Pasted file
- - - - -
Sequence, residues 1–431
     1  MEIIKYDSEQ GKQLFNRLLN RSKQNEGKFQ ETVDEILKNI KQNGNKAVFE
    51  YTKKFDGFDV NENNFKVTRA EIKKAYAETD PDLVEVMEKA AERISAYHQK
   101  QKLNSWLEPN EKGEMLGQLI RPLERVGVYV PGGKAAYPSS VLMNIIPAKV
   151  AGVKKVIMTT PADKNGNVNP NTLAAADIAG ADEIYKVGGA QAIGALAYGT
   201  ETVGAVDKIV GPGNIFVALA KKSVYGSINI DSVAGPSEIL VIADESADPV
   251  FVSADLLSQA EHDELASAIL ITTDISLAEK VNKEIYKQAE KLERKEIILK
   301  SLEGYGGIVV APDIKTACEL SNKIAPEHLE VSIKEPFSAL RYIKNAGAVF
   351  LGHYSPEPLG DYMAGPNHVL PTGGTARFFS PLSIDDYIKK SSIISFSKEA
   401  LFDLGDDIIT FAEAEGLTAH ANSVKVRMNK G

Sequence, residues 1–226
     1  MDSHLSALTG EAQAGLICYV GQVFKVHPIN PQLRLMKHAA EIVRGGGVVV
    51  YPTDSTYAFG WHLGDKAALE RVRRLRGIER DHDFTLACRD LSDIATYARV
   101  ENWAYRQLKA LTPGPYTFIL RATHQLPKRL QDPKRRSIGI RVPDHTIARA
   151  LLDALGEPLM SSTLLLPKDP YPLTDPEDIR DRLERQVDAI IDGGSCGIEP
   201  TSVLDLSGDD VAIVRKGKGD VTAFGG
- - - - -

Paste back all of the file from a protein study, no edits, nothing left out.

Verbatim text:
Sequence, residues 1–431
     1  MEIIKYDSEQ GKQLFNRLLN RSKQNEGKFQ ETVDEILKNI KQNGNKAVFE
    51  YTKKFDGFDV NENNFKVTRA EIKKAYAETD PDLVEVMEKA AERISAYHQK
   101  QKLNSWLEPN EKGEMLGQLI RPLERVGVYV PGGKAAYPSS VLMNIIPAKV
   151  AGVKKVIMTT PADKNGNVNP NTLAAADIAG ADEIYKVGGA QAIGALAYGT
   201  ETVGAVDKIV GPGNIFVALA KKSVYGSINI DSVAGPSEIL VIADESADPV
   251  FVSADLLSQA EHDELASAIL ITTDISLAEK VNKEIYKQAE KLERKEIILK
   301  SLEGYGGIVV APDIKTACEL SNKIAPEHLE VSIKEPFSAL RYIKNAGAVF
   351  LGHYSPEPLG DYMAGPNHVL PTGGTARFFS PLSIDDYIKK SSIISFSKEA
   401  LFDLGDDIIT FAEAEGLTAH ANSVKVRMNK G

Sequence, residues 1–226
     1  MDSHLSALTG EAQAGLICYV GQVFKVHPIN PQLRLMKHAA EIVRGGGVVV
    51  YPTDSTYAFG WHLGDKAALE RVRRLRGIER DHDFTLACRD LSDIATYARV
   101  ENWAYRQLKA LTPGPYTFIL RATHQLPKRL QDPKRRSIGI RVPDHTIARA
   151  LLDALGEPLM SSTLLLPKDP YPLTDPEDIR DRLERQVDAI IDGGSCGIEP
   201  TSVLDLSGDD VAIVRKGKGD VTAFGG